The sound of the neglected seat belts clanged like cheap wind chimes, and the shadow of the mountains against the opposite rock face grew taller and taller as the sun said good night. A fellow traveler looks up and snaps a photo with her cracked smartphone as we drive by the turquoise lake at the entrance of the park. After, she continues watching Netflix.
It's what I'd just seen a hundred hikers do that same day. Organized tours pick you up at 5 AM, drive you to a trailhead, rush you up the steep trails climbing to 15,000 ft. altitude until you reach the most iconic lake in all of Huascarán: Laguna 69. You have 30 minutes to take your photos; then it's a rush back down against the dark.
How often do I do the same? Glance up, smile slightly, and then turn away? To be in the middle of a beautiful moment, only to break it for the sake of distraction or to avoid a little discomfort. But today, my phone was off. I didn't even bring a book to get lost in.
It was Aaron's 29th birthday, and we decided to go up slowly, with a tent and sleeping bags. Our packs were heavy, but we stopped to catch our breath from the altitude and beauty more often and even stopped for a lunch along the river.
We arrived at the lake as the tour guides were shepherding people down. Before we could set our packs down...it was just us. Our tent went up. The sun went down. The stars come out. Aaron and I shared our last cocoa packet and kissed under the Milky Way. It was a moment no future cruel plot twist could ever take away and only possible by our decision to stay awhile.
Don't get me wrong, it wasn't all rainbows. I froze my ass off. I laid in my sleeping bag for an hour before I willed myself to crawl out of the tent to pee. Underprepared as always, my sleeping bag was a joke and my snow pants wouldn't fit over my new expat-living-in-Latin-America-hips (but damn if I didn't hike 2,000 meters up in 3.5 hours wearing a massive pack). Thankfully, my boyfriend was sweating in his fluffy, rated to -20 degrees bag and offered his snow pants to me (I said a small prayer of thanks as they slid over my hips).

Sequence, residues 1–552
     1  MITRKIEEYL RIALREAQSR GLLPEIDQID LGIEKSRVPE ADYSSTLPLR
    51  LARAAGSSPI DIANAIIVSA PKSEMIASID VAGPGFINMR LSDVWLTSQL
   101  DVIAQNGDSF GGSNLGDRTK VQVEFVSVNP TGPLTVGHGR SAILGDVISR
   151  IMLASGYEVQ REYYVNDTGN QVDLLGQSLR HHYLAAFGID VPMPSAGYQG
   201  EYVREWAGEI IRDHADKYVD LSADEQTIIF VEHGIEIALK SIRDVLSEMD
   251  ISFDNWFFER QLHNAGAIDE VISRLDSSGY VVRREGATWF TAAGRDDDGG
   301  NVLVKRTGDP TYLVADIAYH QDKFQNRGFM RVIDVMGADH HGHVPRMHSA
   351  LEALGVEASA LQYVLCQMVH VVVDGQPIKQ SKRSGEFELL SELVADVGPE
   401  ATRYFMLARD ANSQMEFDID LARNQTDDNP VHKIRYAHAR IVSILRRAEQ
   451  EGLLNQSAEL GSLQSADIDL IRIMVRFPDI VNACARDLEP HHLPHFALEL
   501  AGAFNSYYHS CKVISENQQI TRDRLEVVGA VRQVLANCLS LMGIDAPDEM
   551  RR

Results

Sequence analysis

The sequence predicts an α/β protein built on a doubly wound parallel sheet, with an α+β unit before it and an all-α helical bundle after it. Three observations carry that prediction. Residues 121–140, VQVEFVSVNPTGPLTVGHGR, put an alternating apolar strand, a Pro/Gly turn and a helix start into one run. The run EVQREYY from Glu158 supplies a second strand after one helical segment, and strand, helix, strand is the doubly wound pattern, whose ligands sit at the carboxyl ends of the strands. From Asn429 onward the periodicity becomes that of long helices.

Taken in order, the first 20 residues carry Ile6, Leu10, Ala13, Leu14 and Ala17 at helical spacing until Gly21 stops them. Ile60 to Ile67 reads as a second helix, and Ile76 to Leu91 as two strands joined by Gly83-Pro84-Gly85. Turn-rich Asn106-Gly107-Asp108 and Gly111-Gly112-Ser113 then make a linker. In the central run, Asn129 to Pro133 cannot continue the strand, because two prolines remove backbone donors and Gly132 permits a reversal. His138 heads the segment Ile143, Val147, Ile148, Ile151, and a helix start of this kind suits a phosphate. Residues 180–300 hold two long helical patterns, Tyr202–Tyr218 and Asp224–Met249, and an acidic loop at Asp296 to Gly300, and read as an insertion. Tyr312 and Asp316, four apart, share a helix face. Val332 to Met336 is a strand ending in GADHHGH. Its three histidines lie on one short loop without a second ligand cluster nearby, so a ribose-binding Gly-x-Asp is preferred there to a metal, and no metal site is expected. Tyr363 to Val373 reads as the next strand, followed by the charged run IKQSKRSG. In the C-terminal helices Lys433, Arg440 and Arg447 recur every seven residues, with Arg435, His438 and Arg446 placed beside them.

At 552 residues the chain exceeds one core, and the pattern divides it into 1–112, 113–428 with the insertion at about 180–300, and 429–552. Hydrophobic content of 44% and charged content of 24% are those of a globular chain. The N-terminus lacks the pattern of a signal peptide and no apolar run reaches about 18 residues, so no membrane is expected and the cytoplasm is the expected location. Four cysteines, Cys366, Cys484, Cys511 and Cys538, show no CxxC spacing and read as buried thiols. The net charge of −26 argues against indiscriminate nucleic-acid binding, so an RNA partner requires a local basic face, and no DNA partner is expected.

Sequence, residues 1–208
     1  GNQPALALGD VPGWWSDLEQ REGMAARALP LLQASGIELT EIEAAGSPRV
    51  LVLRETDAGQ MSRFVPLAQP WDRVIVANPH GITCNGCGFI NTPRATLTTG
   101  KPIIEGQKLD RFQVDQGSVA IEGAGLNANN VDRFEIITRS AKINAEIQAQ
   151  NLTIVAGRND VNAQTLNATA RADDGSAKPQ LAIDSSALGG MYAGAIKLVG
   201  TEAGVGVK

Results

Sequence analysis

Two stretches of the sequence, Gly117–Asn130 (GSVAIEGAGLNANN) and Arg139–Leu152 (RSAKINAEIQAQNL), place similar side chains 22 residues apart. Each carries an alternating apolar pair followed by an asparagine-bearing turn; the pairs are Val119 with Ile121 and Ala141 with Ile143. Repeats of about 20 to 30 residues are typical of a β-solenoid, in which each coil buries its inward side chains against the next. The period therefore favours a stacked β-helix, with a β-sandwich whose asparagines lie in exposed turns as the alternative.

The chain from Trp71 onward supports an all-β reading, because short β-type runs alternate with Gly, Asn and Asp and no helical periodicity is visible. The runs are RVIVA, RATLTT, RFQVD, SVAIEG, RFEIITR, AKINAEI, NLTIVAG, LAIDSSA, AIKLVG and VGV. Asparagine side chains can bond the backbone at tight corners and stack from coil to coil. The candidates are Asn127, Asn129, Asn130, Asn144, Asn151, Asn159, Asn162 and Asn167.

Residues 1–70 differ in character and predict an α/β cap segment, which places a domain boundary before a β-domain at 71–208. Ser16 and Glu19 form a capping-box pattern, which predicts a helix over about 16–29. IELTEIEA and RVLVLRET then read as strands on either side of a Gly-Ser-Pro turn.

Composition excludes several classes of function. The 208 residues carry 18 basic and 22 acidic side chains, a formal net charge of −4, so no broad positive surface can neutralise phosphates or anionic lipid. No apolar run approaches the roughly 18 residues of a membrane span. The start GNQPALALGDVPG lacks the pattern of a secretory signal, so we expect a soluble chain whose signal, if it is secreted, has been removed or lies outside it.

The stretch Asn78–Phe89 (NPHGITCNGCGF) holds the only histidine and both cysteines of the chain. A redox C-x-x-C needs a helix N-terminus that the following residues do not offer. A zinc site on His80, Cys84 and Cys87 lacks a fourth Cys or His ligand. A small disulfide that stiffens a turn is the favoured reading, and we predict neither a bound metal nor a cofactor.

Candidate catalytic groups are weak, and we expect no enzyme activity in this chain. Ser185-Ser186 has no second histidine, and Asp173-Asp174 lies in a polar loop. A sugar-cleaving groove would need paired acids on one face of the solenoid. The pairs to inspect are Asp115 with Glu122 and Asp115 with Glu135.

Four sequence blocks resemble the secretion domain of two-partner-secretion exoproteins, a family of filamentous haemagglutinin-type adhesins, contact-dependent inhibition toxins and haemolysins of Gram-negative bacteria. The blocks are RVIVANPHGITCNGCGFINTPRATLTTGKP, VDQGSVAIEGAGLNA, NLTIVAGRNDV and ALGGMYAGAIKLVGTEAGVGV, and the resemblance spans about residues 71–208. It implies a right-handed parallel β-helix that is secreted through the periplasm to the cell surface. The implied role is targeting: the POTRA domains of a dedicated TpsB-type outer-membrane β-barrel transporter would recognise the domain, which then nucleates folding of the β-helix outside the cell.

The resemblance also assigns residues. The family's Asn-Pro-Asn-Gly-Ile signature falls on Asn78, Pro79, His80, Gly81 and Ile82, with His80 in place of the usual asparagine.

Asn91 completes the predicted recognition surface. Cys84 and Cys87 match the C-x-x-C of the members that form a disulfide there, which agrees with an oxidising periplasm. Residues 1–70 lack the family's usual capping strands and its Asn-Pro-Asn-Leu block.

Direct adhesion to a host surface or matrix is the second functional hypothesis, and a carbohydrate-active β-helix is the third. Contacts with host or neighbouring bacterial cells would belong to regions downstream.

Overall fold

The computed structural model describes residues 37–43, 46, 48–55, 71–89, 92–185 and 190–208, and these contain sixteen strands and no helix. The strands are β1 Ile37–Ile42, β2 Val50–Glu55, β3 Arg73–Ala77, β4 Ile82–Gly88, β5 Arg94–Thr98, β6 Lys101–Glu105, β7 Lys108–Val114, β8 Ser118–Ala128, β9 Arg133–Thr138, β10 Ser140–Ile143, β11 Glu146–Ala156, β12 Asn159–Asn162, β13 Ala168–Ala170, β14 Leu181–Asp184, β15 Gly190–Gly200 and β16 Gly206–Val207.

But despite the cold, we still woke up to the bright glimmering lake...a brighter blue than the color of that sapphire Rose dropped in the ocean at the end of Titanic. We had breakfast with some climbers who passed by headed to hopefully reach the summit of Pisco later that week. As we packed up to leave, day hikers started pouring in. I cheered them on as I descended, "You're almost there," "Only 15 more minutes, "Right over that ridge!" It was a brutal hike to do in a day...and only to arrive for a moment then return. How often I do the same...struggling to go in circles as fast as I can?
On the bus ride back to Huaraz, I was happy I didn't just glance up this time. I stared out the window the whole time, with my nose metaphorically against the glass. I was happy to have a break from the to-do lists and the cravings for constant comfort and entertainment. The chance to slow down. To enjoy. To notice. To breathe.
I made a bed out of mountains. If only for a night. I lived among stars and the most beautiful scenery I had ever seen. In light and dark. For better or worse.
The driver says it's only 2 hours back to the hostel, but I have a feeling it'll be 3.
"Tranquila," as they say.
P.S. Yep...3 hours. I counted. Change is hard.